What it is: Arthritis is a common condition that occurs due to the normal wear and tear of your body due to life. Characterized by the deterioration of the cartilage that lines your joints, arthritis creates bone-on-bone friction. When arthritis occurs in the hand at the base of the thumb, it is known as Basal Joint Arthritis.
Common Symptoms: Basal Joint Arthritis can cause inflammation, irritation, loss of motion, weakness, pain, stiffness and swelling.
How to Prevent Basal Joint Arthritis: The following hand exercises can be used to help prevent the onset of arthritis in the hand.
- Bend each of your fingers down towards your palm. Straighten them out again.
- Curve your fingers to create an “o” shape. Hold them there for a few seconds before releasing.
- Lay your hand on a flat surface. With each finger, lift up and hold for a few moments before returning them to the flat surface.
- Regularly stretch your wrist up and down. If needed, apply slight pressure.
- Several times per day, create a fist with your thumb on the outside. Stretch your fingers and return them to the fist position.
Treatment: In the early stages of Basal Joint Arthritis, your doctor may provide you with topical or over-the-counter medications, injections or splints. However, if your symptoms progress, your hand surgeon may recommend a ligament reconstruction tendon interposition, a surgery that removes the bone from the base of the thumb to eliminate grinding and pain. Recovery usually takes up to six weeks and requires hand therapy.
What it is: Trigger Finger occurs when nodules form on a flexor tendon. These nodules, caused by tendon friction, then prevent the tendon from gliding and moving your finger. This results tin your finger remaining locked in a bent position.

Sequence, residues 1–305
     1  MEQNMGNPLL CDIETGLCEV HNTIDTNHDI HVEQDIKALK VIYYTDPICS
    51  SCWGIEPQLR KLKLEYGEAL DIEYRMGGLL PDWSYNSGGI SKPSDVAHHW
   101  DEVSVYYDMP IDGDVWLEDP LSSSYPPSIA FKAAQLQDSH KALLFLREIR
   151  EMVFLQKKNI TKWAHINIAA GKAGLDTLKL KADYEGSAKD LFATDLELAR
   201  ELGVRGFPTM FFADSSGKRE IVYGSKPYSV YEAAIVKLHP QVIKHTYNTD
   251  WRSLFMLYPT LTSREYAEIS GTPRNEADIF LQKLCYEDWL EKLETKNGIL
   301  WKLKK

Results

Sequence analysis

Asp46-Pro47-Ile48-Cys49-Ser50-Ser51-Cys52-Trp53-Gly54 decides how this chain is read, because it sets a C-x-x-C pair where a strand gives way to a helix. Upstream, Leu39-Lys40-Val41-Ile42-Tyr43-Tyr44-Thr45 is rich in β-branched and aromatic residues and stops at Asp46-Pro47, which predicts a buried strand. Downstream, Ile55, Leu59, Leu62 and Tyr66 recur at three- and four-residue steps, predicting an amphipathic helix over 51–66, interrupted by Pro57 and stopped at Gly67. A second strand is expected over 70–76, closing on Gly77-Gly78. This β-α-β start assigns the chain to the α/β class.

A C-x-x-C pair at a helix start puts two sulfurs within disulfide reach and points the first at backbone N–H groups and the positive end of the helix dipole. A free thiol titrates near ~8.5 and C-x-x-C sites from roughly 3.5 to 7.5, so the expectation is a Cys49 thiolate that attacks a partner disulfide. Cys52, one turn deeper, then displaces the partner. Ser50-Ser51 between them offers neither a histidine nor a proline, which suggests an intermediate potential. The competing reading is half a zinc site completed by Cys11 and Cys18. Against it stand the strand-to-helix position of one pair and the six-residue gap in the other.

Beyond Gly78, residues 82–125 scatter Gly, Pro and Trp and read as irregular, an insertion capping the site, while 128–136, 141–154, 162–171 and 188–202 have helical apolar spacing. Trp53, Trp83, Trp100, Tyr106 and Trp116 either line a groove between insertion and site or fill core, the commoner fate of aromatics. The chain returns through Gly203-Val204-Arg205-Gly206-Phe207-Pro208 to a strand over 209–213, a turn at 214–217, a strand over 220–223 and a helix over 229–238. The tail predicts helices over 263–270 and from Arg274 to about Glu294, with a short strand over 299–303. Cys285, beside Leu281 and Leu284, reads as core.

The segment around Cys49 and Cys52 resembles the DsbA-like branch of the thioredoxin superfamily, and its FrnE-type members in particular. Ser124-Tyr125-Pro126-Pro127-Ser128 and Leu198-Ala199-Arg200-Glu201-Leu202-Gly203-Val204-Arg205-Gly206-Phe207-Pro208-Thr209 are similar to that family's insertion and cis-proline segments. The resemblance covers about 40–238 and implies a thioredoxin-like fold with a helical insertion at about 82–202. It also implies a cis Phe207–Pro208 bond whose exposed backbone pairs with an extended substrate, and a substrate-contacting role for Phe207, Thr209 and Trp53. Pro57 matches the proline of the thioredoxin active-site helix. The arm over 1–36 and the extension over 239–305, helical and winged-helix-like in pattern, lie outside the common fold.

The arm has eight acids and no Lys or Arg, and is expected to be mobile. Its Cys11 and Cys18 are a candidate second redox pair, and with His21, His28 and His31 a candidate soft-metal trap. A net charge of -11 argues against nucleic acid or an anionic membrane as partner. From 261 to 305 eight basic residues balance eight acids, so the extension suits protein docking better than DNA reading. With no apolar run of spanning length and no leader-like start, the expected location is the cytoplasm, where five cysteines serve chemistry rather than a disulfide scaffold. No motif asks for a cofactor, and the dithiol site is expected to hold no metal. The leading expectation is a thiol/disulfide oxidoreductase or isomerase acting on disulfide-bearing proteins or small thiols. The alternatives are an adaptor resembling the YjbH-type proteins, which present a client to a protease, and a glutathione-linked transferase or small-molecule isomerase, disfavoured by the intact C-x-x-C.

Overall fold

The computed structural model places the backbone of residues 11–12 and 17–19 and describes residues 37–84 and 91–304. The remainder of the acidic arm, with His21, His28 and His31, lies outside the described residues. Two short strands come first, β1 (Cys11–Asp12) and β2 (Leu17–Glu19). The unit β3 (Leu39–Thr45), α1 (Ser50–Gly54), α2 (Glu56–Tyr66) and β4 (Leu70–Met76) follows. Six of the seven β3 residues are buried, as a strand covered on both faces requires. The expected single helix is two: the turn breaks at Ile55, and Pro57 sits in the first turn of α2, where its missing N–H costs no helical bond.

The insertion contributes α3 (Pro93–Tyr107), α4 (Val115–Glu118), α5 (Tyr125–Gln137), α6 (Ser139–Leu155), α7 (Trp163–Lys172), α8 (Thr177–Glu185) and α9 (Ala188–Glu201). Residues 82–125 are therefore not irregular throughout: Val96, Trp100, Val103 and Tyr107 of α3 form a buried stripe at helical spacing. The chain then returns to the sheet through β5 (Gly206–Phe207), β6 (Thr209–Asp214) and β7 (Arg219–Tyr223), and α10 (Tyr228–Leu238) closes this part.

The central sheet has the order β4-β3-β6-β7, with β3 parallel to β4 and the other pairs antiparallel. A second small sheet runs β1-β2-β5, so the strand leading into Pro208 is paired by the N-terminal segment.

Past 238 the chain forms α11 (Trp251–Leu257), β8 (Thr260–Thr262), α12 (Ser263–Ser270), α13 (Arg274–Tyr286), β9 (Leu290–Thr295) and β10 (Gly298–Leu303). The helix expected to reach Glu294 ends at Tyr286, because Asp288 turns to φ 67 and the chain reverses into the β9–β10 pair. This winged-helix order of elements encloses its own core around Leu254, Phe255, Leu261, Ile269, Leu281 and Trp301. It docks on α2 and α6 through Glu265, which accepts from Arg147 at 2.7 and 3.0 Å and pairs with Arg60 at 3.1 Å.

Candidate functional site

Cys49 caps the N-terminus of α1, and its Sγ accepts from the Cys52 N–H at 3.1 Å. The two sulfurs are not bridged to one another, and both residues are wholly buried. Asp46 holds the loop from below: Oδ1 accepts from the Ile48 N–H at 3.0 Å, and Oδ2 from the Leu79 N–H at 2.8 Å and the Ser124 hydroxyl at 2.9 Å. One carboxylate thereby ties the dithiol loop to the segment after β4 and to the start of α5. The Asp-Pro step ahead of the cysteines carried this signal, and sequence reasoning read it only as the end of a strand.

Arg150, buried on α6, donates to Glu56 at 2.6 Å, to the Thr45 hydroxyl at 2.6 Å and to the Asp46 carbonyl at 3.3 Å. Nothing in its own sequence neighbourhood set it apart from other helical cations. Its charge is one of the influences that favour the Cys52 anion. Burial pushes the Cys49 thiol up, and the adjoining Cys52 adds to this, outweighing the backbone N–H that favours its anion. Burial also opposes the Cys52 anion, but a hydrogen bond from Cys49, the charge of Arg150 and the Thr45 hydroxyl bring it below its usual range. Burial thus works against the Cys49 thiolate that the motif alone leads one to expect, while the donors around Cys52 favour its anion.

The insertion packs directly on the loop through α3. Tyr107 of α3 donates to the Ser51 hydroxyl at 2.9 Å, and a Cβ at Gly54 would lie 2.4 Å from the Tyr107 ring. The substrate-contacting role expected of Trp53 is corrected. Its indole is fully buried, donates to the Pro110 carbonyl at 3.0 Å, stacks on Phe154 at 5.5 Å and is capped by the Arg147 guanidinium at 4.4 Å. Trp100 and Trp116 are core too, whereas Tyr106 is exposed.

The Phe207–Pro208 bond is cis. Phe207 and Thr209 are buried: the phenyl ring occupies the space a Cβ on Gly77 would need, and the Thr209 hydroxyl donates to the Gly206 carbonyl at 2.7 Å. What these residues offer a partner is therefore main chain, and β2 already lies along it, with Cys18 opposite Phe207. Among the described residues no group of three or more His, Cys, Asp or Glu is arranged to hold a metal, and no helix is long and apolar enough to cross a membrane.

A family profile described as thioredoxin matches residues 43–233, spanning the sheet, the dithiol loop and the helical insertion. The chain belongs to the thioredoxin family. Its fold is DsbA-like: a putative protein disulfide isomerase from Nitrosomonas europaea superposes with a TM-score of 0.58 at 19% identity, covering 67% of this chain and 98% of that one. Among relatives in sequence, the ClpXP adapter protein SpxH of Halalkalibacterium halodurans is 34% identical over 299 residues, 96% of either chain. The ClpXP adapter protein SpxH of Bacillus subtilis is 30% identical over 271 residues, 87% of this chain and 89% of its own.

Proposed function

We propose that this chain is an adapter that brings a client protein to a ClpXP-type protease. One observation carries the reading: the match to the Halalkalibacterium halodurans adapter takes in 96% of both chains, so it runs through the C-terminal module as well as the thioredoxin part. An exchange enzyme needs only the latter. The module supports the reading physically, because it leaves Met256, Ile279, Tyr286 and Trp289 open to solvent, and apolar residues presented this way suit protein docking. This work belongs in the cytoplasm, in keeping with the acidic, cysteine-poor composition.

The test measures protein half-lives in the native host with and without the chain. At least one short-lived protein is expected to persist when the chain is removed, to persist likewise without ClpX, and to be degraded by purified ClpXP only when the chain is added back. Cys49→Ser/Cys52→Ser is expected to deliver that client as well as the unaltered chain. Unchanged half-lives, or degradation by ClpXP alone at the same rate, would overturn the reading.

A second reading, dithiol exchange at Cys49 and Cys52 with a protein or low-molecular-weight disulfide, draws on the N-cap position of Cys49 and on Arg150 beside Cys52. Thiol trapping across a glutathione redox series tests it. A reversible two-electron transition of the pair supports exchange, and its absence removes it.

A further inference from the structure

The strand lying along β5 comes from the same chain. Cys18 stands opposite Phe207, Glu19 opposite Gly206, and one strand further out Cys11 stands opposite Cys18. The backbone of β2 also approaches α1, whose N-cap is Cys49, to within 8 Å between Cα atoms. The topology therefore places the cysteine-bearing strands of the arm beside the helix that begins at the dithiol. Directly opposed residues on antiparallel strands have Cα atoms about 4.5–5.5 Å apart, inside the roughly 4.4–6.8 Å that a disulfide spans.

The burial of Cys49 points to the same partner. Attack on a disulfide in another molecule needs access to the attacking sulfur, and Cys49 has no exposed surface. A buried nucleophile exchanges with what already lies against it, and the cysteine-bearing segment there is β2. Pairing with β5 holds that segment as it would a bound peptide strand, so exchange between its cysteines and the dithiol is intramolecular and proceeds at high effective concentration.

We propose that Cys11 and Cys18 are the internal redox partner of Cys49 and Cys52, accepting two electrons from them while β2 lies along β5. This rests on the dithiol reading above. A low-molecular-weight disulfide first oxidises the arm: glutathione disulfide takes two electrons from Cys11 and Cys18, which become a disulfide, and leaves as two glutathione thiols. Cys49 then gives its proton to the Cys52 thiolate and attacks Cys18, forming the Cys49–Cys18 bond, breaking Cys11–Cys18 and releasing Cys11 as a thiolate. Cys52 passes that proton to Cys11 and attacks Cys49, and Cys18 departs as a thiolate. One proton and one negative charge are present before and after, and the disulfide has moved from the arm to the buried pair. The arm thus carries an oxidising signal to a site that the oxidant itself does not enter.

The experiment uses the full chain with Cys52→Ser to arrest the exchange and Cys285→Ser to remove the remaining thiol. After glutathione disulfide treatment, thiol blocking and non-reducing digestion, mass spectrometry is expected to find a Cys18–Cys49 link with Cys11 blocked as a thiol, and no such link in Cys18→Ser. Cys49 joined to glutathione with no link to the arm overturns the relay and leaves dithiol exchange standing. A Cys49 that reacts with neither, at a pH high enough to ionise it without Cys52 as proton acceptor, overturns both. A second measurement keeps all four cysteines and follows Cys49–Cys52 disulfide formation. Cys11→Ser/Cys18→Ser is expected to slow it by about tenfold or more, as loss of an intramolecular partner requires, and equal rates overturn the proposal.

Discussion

How to Prevent Trigger Finger: Daily hand stretching can give your hands a much needed break and can even prevent the onset of Trigger Finger. These exercises include the following:
- Pinch your fingertips and thumb together. Put an elastic band around your fingers and then spread your fingers open.
- Twice per day, scatter small objects, such as coins, buttons, or tweezers, across the table. Pick up one object at a time using only one finger and your thumb.
Treatment: Non-surgical treatments for Trigger Finger include corticosteroid injections. Your doctor may try injections up to three times. If your symptoms don’t improve, your doctor will likely recommend surgery to remove the nodule(s) to allow your tendon to flex properly again.
Contact the Hand Specialists at Townsen Memorial Today
At Townsen Memorial, we have a team of highly-skilled surgeons to help you with your hand condition. Dr. Mark Khorsandi is one of the top double board-certified hand surgeons in the Houston area. A leader in the surgical field, Dr. Khorsandi has developed the discipline of hand surgery, and has earned a reputation as a skilled physician who puts his patients first. To learn more, or to schedule a consultation, visit https://www.townsenclinic.com/contact/.